Friday, May 19, 2017

We hit a blog milestone this week!!!

Notes from Paradise - Isla Mujeres 500,000 page views!   
Thanks to all of our faithful readers, we rolled over to a half-million page views on our blog this week!  Woohoo! 

It is amazing how a funny little weekly email that we started sending to twelve people in 2009 has grown to a weekly blog with anywhere from four to eight thousand readers a week. (Some articles interest people more than others.)
June 2009 - we started writing weekly emails



When we started in June of 2009 it was to keep family members up to date on our newest adventure, our life in Mexico. The email list grew as family members asked if they could add their friends, and then those people wanted to add other friends. By September of 2011 the email list had grown to almost five hundred names.

When our neighbour Ronda Roberts started her blog, Isla Mujeres News, a translation of local news in June of 2011, she suggested that we switch over from a weekly email to a blog. Here's the link to Ronda's blog http://aboutislamujeres.blogspot.mx/

July 2014 - Sunset cool down for islanders
So we did, we created a blog page.  However, many of our readers objected, saying they didn’t want to search the internet to find the articles. They enjoyed having a personal copy sent to their inbox. From September 2011 to June of 2014 we posted the weekly blog, and also sent it via direct email to our readers. It was a lot more work, but it kept everyone happy and interested.

Then in 2014 Google labelled our emails as that dreaded word – spam.  They shut down our list, refusing to deliver the weekly articles to our readers. By our estimation we had sent out around seventy-five thousand individual emails over the five years, but never to anyone who hadn’t asked to be included in the list.   
1984 Great Horned Owl - who had an ambulance ride

In the meantime we also created two more blogs targeted to specific stories that interested us: European Adventure, and Animals and Other Family Members. As you can probably guess by the titles these are not Isla Mujeres-based stories, one being about our travels in Europe and the other funny stories about pets and wild creatures we have befriended. The links to those stories are listed under My Blog List, on this webpage.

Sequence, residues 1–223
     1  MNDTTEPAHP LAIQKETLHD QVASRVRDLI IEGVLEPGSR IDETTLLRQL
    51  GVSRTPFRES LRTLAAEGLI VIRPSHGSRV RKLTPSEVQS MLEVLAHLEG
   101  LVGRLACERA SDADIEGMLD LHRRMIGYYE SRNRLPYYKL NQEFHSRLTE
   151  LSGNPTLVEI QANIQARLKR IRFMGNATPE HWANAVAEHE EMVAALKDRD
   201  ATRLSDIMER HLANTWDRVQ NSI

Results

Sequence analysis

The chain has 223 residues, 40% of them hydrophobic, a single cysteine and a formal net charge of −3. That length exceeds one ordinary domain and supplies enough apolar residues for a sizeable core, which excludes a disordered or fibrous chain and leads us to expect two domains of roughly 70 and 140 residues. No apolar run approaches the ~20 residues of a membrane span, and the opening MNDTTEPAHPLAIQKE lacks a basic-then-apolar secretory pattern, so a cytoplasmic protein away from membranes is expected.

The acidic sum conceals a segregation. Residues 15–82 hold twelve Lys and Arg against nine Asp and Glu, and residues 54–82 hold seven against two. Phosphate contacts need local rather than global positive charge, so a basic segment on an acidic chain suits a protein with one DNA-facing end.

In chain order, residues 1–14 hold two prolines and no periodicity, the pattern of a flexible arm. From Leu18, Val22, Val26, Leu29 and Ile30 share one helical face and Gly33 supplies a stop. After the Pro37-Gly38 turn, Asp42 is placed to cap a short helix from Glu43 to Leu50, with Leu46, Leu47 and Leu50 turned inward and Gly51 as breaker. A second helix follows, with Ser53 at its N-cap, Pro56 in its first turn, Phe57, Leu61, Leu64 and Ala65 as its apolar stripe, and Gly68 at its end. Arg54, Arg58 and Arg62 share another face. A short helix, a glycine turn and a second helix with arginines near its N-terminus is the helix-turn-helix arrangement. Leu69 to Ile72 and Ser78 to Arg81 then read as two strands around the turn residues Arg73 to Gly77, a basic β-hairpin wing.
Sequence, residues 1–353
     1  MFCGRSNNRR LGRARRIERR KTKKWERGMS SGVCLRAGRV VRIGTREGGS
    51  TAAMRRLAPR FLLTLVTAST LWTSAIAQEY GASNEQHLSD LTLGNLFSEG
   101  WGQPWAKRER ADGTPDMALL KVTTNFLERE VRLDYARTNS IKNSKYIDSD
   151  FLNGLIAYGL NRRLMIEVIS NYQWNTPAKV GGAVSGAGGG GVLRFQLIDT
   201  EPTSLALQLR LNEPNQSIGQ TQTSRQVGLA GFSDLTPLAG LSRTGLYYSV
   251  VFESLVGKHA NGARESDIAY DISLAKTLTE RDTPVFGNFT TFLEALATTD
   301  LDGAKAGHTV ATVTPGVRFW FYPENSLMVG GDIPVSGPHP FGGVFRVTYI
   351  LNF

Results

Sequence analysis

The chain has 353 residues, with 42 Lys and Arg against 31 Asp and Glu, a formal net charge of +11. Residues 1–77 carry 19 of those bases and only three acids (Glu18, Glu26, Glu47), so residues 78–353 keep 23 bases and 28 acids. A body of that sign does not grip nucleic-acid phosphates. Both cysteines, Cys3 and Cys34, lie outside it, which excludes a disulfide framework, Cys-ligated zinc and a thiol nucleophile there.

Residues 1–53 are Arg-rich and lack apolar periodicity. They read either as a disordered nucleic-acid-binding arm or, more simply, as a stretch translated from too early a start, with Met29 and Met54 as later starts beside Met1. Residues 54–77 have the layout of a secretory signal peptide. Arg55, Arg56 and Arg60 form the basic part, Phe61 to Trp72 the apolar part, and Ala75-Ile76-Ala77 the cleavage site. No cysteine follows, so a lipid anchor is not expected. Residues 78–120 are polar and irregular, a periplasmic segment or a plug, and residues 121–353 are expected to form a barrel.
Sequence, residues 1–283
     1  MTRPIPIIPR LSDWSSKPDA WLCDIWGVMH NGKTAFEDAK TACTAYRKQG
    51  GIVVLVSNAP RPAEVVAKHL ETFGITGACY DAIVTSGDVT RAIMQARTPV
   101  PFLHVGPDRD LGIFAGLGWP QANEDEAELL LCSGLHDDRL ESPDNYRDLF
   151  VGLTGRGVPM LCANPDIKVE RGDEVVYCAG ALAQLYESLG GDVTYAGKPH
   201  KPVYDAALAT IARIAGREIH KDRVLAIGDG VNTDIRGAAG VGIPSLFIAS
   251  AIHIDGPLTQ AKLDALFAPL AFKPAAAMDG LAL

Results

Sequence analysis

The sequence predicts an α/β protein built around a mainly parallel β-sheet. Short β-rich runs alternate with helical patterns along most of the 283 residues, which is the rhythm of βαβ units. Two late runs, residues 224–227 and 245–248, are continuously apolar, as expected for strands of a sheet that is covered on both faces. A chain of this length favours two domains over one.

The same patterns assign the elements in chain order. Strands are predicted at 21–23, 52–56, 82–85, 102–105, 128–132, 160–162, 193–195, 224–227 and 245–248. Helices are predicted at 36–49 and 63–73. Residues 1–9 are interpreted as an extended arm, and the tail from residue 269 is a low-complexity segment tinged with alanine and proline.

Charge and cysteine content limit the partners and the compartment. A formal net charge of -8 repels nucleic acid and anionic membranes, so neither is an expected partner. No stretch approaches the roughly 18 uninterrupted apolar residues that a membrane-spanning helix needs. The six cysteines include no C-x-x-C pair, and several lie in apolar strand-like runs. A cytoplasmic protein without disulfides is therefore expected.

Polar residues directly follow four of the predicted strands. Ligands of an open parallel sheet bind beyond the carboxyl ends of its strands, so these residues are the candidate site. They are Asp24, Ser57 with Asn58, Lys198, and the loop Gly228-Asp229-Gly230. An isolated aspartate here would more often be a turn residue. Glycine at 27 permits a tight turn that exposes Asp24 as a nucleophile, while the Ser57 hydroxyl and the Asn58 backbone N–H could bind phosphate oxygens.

About eighteen months ago Tony Richardson, editor of the popular on-line Mexico News Daily started re-posting our blog articles. In his publication our stories are reaching a wider audience, some having been shared thousands of times. Pretty heady stuff for two amateur scribblers. You can find the direct link to Mexico News Daily on our list of blogs that we follow.  Or at this webpage, http://mexiconewsdaily.com/mexicolife/caribbean-treasures-found-on-isla-beach/

Insider's Guide to the Best of Mexico - FREE!
Several of our articles have been included in two on-line anthologies; Insider’s Guide to The Best of Mexico, and the second Insider’s Guide which will be published soon. Here's a link for your free copy: http://sombrerobooks.com/?p=3908

The collection of feel good stories about Mexico are the brain-child of well-known novelist Carmen Amato. Check her Amazon page for a complete listing of her works. Our current favourites are the police procedurals featuring Detective Emilia Cruz in Acapulco. Here's the link to Carmen's webpage: http://carmenamato.net/

July 2014 Diego and I toasting arrival of books
In between the weekly blog articles, island friend Diego Medina and I created the bi-lingual book for children, The Adventures of Thomas the Cat / Las Aventuras de Tomas el Gato. Diego and I won a silver award at the International Latino Book Awards in Las Angeles for best picture book bilingual. The sequel is underway. https://www.facebook.com/TheAdventuresofThomasandSparky/

But wait there’s more!  In 2016, I wrote and self-published my first novel, Treasure Isla. Treasure Isla is a fun beach read, an adventure set on Isla Mujeres. The e-book sales on Amazon are doing well, prompting me to write the sequel, Trouble Isla. Trouble Isla will be launched in late August of this year.

Amazon E-books, Treasure Isla and soon Trouble Isla

All of this creativity started with a weekly email to a few friends and family members. We discovered we like to write stories and paint pictures with words.